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As the first college graduates in their families, Torch Scholars share their stories

Northeastern senior David Adames recalled growing up in the housing projects of Brooklyn, New York, where he saw a man “shooting an assault rifle like a water gun,” witnessed a gun fight while he took out the garbage, and encountered a man carrying a firearm and breaking into his building.

“Those were probably the longest moments of my life,” he said.

It wasn’t easy to live in this environment, where he’d run home from school to avoid getting jumped. “I remember just wanting to give up,” Adames said. “But thanks to God, my mom, and my brother, that feeling of doubt never stayed with me for long.” And thanks to a transformative youth leadership program—Jeter’s Leaders—he met Northeastern alumna Simona Vareikaite, a graduate of the Torch Scholars program. “She encouraged me to apply to Torch, and the rest is history,” he said.

Adames, who on Friday will graduate cum laude with his bachelor’s degree in business administration from Northeastern University, shared his story on Thursday at the annual Torch Scholars graduation ceremony. He will soon begin a new job ServiceNow, a fast-growing enterprise software company.

“I am not saying any of these things to brag,” Adames said. “I am sharing these accomplishments to show you how far a student can go when they are given an opportunity to succeed and a support system to guide them along the way. That’s exactly what the Torch Scholarship program has done for me and the many other amazing Torch Scholars graduating Friday.”

Photos by Matthew Modoono/Northeastern University

Northeastern’s Torch Scholars program supports talented students from diverse backgrounds and who are the first generation in their families to attend college. The program has supported more than 120 students thus far, and will enroll its 13th class this fall.

This year’s Torch graduates hail from places as close as Boston and as far as Virginia, Florida, California, and Puerto Rico. Collectively, the class is exceptionally accomplished, having traveled to 11 countries for experiential learning and completed more than 6,000 hours of community service. Graduates have competed in national powerlifting competitions, founded a habitat for humanity chapter on campus, and been inducted into the 2018 Huntington 100. One even rehearsed late-night skits with Jimmy Fallon while on co-op at The Tonight Show.

Another Torch graduate this year, Melody Rivera Hernandez, is the program’s first student from Puerto Rico. She finished classes in December and is now a research associate at Shire, a global biotech firm focused on rare diseases and where she previously did a co-op. In the future, she hopes to earn a PhD in biochemistry and discover treatments for neurodegenerative diseases.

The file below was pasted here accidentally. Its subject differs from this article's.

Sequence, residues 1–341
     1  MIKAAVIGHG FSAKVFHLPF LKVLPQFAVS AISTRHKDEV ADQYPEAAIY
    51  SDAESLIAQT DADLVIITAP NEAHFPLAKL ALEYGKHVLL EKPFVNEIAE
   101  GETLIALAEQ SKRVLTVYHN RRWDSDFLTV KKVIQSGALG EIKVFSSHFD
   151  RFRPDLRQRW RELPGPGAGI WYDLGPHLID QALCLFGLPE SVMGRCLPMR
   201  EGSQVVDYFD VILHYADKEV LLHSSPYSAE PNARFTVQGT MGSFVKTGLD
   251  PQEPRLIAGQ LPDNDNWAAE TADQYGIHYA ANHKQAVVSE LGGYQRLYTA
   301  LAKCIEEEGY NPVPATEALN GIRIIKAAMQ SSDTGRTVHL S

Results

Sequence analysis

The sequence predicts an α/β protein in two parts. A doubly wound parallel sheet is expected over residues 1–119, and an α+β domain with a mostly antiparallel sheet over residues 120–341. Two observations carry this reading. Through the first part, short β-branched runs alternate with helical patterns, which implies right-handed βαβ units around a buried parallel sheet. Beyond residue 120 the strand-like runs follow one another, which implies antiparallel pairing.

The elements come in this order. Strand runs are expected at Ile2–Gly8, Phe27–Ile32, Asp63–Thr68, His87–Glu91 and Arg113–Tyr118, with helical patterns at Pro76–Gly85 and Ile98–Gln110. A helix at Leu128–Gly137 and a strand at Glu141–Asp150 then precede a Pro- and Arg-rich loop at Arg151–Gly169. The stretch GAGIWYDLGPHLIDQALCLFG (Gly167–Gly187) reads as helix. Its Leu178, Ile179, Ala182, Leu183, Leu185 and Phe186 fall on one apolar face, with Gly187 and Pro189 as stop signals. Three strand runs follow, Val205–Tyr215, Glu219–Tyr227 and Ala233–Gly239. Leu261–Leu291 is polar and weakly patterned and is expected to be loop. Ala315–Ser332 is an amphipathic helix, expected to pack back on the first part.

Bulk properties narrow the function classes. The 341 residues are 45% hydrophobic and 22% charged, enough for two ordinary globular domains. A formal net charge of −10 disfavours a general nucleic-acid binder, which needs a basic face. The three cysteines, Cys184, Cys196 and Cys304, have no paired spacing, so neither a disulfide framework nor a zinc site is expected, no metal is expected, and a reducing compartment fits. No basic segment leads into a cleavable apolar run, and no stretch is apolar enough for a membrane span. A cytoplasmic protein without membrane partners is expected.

Rivera spoke passionately about how the Torch program helped her discover an interest in research, explore new cultures abroad, and gain confidence in her skills and career path. She’s also grateful for the Torch community, saying, “We started a family away from our families.”

Photos by Matthew Modoono/Northeastern University

Philomena Mantella, senior vice president and CEO of the Northeastern University Global Network, co-founded the Torch program and has played a leading role in shaping its success. She marveled at the Torch graduates for their determination and success. “You humble me,” said Mantella, who challenged graduates to embrace their new responsibility to help mentor and support others.

Deborah Dunsire a Northeastern trustee and leader in the biotech and pharmaceutical industry, shared her story of growing up in southern Africa to Scottish parents who instilled in her the power of education. She earned a medical degree from University of the Witwatersrand in South Africa and was planning to become an eye surgeon when unexpected opportunities emerged for her to enter the pharmaceutical industry. Three decades later, she’s worked all over the world and held chief executive positions in that field.

“You can’t tell the path that your life will take,” Dunsire told the graduates. “But with a great education and great training, there are so many different paths you can go on.”

Photos by Matthew Modoono/Northeastern University